Community demands answers over girl’s ‘unnecessary’ death in gas explosion

Sahara Salman died when a terraced house collapsed in Thornton Heath on Monday.

10 August 2022

A young girl killed in a gas explosion in south London has been named locally as Sahara Salman as the community demanded answers over her “unnecessary” death.

Sahara, who was four-years-old, died after a terraced house collapsed in Galpin’s Road, Thornton Heath, shortly after 7am on Monday.

Three other people were also seriously injured in the blast.

The scene in Galpin’s Road, Thornton Heath
A 200-metre cordon was put in place following the explosion (Kirsty O’Connor/PA)

Six to eight houses were damaged in the explosion, but around 80 homes were evacuated after the cordon was extended on Tuesday over fears for residents’ safety.

On Wednesday morning, Merton Council confirmed that the 200-metre cordon would remain in place on the advice of the Health and Safety Executive (HSE) and did not provide any further detail about when it may be removed.

The council said in a statement: “Southern Gas Networks also remain on site, and residents are reminded to stay away from the cordon area.”

Reverend Deji Ayorinde, who is helping co-ordinate the community efforts after the blast, told the PA news agency of the anger of the community following Sahara’s death.

He said: “I think her death was unnecessary, unnecessary, I emphasise unnecessary.

“However, her life shouldn’t be needless, you know, those four years, some of us will live to 100, some of us will live to 40 or 80 or 60, or whatever it may be. And it is our hope, everybody’s hope, dream, that we can leave some sort of footprint, some sort of impact, make some sort of difference.

Gas engineers at work near the scene of the explosion on Galpin’s Road in Thornton Heath
Gas engineers remained on site (Dominic Lipinski/PA)

“She only lived for four years, but it is now incumbent upon us to ensure that her name, you know, what she lived for, what she represented – because as a child she represented life and hope and security and a future, a good future –  it’s incumbent upon us who are living, to carry that on.

“To ensure what she stands for, even if it be that she stands for a change, whereby those in positions of influence, authority and responsibility can actually take ownership and particularly listen to the voice of the individuals.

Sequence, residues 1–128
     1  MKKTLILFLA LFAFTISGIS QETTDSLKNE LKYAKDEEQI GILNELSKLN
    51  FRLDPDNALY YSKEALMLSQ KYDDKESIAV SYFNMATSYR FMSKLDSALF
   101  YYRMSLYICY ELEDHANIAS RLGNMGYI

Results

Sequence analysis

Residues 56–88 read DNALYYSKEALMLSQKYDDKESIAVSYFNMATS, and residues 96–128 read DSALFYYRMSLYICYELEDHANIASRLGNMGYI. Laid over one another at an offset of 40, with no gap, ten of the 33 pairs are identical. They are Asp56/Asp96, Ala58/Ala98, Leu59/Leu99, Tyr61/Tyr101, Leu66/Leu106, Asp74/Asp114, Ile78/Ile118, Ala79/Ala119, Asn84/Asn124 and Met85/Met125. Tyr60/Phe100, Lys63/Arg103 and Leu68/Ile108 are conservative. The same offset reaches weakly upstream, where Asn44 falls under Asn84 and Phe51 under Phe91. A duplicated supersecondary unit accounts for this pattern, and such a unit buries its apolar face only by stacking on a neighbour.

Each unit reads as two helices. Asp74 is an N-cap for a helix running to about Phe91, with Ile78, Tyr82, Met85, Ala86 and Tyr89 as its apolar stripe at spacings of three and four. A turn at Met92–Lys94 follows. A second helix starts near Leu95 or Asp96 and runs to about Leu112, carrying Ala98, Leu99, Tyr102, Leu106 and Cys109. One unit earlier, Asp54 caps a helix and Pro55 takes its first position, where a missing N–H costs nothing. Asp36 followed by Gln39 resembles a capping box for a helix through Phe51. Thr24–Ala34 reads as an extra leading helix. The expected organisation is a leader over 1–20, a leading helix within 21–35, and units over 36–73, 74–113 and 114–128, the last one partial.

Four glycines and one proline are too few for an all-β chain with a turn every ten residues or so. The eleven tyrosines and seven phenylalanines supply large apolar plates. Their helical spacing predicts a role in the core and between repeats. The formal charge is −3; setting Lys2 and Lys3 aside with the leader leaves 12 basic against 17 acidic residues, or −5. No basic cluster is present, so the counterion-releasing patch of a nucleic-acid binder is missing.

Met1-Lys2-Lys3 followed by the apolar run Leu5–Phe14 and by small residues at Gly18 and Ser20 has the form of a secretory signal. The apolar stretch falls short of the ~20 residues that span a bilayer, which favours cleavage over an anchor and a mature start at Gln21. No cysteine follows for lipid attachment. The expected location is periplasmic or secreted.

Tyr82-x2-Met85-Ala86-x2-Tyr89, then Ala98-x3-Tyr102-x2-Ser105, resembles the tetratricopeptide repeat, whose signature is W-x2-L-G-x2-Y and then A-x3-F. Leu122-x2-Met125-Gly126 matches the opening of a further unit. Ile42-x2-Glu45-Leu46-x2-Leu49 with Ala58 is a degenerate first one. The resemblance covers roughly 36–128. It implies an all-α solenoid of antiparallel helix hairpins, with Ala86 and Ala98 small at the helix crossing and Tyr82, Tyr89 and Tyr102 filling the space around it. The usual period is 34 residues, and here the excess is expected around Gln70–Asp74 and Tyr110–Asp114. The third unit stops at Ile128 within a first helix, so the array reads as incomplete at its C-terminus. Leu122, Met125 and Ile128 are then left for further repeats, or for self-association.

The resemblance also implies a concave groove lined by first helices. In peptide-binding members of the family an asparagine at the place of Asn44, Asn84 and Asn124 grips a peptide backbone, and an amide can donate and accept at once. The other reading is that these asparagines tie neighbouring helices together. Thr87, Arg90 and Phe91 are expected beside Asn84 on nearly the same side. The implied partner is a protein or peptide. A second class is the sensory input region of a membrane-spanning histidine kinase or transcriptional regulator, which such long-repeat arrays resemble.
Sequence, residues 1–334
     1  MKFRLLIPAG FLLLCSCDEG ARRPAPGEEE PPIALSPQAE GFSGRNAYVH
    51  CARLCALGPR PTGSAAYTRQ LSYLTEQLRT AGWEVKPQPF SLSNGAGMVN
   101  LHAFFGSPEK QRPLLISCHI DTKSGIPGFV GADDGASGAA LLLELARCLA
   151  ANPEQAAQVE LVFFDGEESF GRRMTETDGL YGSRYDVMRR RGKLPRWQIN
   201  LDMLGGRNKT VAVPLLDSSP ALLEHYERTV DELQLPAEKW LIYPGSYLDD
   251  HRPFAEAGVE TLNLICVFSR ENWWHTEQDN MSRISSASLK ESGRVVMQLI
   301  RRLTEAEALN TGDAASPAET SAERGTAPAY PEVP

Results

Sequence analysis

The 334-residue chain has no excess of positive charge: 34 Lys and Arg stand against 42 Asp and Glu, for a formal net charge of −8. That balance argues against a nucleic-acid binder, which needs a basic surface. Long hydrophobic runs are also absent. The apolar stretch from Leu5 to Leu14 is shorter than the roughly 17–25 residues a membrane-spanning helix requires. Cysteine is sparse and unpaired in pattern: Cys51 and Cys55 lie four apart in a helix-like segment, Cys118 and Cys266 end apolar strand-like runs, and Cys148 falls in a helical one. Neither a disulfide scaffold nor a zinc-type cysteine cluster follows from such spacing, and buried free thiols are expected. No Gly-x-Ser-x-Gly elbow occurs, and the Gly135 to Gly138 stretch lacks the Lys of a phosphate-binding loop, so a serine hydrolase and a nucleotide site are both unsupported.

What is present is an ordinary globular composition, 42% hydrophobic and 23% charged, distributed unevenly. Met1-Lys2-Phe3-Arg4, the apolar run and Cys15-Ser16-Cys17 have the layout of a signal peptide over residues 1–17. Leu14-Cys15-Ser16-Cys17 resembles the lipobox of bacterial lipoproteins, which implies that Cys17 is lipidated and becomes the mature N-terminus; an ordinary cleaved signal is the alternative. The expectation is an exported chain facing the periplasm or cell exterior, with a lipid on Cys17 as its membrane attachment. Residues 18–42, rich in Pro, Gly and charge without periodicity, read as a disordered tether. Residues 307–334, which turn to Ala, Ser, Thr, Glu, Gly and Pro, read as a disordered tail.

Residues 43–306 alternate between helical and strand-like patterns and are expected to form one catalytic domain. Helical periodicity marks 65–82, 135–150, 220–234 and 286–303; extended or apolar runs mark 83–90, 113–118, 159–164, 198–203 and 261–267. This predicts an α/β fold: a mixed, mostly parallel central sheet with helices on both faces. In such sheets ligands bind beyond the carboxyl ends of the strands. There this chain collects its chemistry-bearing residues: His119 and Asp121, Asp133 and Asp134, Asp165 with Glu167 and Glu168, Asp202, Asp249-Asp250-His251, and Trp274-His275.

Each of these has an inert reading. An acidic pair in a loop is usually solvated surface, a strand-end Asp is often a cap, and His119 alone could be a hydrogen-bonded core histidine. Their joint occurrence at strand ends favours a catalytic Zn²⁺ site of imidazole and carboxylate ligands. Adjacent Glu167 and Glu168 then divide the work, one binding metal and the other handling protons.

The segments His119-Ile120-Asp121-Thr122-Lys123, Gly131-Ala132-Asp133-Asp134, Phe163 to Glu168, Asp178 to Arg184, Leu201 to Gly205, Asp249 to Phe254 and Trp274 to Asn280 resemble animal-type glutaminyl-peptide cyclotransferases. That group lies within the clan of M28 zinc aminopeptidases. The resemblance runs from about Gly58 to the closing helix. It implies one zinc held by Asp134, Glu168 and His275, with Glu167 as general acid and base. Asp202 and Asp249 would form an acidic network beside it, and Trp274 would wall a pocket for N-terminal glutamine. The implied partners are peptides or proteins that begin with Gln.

“We saw it with Lakanal in 2009, we saw it with Grenfell in 2017, we’re seeing it in Galpin’s in 2022.

“And it’s like, for goodness’ sake, you people in authority, people in responsibility, when will you actually just be responsible and listen to the voices of the individuals?

“It didn’t need to cost lives for change to happen, it didn’t need to. So that’s where we’re at. That’s where I’m at. That’s where, certainly as a community, I think that’s a big aspect of what we’re feeling right now.”

Nick and Maria Hillman live about 40 houses down from the destroyed property and said there was a “strong smell of gas” on the street when they were evacuated on Tuesday, which caused concern that a spark of electricity would cause a second explosion.

A woman lays flowers near Galpin’s Road in Thornton Heath, south London
People laid flowers near Galpin’s Road (Dominic Lipinski/PA)

They were ordered to evacuate by a police officer at around midday on Tuesday, and were given less than 10 minutes to leave their property.

Mrs Hillman told PA: “Yesterday, at some point in the day, there was a strong smell of gas and I think that sort of the emergency services believed that if they allowed people to stay, they would have switched on the electric.”

Mr Hillman added: “SGN said that anything could ignite – the gas levels were unacceptably high and anything could ignite, it would cause another explosion.”

The couple said that anger towards SGN continued to rise at a meeting of evacuated residents on Tuesday evening.

Mr Hillman said: “Last night in the meeting, quite a lot of people were getting very vocal and shouting and saying, “where are they, where are they, where are they?”

Mrs Hillman was concerned for her own home, as well as the possible risk to the lives of others, and said: “I was concerned that maybe not just my house, but other people could be blown up at some point because we weren’t sure if there was still a leak.

“But yeah, I guess I don’t think we’re ever going to stop feeling worried for a while.”

The scene in Galpin’s Road, Thornton Heath
Around 80 homes were evacuated after the cordon was extended on Tuesday (Kirsty O’Connor/PA)

Some residents were also frustrated by the response from their insurance companies, some of whom Mr Hillman said were “disowning” those who had been forced to evacuate because of the explosion but who did not yet have any physical damage to their properties from the blast.

“Lots of the insurance companies are just disowning it because there’s no damage to the property. So a lot of the insurance companies are saying ‘your property isn’t damaged, we’ve got no liability’,” he added.

Mr Hillman said he waited an hour and 20 minutes for their insurers to tell them that “because there was no damage to our house, we could get nothing”.

He added: “I shall be changing my insurer as soon as all this is over.”

The council has provided assistance to more than 200 residents, including help with food and accommodation.

Local residents and businesses are bringing donations of clothes and toiletries to those who are displaced, and championship towels from the Wimbledon tennis tournament are also being donated by the All England Club’s Wimbledon Foundation.

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